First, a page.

How did we become bad at handling our money?
Maybe it started when we were young.
According to data from Next Gen Personal Finance, fewer than 16 percent of American students are required to take a personal finance course to graduate high school. And according to the Council of Economic Education, only 17 states require a financial literacy course in high school.
Minnesota is not one of them. But high school students in Minnesota do take about nine hours of personal finance in the economics class required for graduation.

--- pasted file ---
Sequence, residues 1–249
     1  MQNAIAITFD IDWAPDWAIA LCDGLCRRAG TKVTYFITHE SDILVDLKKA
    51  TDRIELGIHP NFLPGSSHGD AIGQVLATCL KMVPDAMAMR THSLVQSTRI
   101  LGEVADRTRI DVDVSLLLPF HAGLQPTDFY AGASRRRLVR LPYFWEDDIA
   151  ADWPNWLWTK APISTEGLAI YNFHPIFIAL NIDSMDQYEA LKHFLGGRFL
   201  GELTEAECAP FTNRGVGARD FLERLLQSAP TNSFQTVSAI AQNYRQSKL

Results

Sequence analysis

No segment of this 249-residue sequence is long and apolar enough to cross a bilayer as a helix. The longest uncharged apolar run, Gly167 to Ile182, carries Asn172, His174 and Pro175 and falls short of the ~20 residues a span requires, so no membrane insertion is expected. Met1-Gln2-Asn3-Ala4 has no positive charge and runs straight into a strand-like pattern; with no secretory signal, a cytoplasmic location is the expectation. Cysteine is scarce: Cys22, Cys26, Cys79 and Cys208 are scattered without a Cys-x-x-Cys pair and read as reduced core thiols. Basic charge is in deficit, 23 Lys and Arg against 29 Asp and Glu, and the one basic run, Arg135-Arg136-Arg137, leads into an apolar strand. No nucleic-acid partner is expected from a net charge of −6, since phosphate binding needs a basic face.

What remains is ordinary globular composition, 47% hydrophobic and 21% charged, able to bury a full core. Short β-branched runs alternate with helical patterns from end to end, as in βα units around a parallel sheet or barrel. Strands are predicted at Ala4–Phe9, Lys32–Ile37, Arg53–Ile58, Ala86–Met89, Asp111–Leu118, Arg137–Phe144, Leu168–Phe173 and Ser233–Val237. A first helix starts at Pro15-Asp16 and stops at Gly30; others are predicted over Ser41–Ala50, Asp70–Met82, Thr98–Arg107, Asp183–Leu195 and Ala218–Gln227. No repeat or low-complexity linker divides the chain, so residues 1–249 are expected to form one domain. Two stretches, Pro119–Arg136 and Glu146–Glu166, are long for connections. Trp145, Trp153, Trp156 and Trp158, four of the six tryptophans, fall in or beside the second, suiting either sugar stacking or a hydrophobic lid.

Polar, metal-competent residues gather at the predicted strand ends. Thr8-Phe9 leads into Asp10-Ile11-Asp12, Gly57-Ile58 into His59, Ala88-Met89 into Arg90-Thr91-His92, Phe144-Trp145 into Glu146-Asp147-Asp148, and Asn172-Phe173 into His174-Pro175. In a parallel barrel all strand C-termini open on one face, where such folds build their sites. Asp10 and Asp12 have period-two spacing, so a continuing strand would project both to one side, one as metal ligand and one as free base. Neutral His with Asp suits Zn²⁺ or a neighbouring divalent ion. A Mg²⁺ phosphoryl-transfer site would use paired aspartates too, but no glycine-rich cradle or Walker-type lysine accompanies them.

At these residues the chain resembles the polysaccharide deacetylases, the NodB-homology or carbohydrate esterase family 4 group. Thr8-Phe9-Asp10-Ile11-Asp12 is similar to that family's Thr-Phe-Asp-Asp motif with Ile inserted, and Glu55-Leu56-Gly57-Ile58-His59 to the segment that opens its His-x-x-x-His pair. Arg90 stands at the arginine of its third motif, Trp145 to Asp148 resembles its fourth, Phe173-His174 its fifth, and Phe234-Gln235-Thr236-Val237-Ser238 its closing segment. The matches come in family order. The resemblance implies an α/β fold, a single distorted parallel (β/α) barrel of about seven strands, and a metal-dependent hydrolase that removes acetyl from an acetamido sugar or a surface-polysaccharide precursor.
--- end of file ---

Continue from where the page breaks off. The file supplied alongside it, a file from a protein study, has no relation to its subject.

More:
Until more schools start mandating entire classes toward personal finance, some experts say, parents and families should start educating their children at home.
Joyce Serido, associate professor of family social science at the University of Minnesota, and Darla Kashian, senior vice president and financial adviser at RBC Wealth Management, joined host Angela Davis to explain why recent high school and college graduates struggle with money and how we can help them be better consumers.
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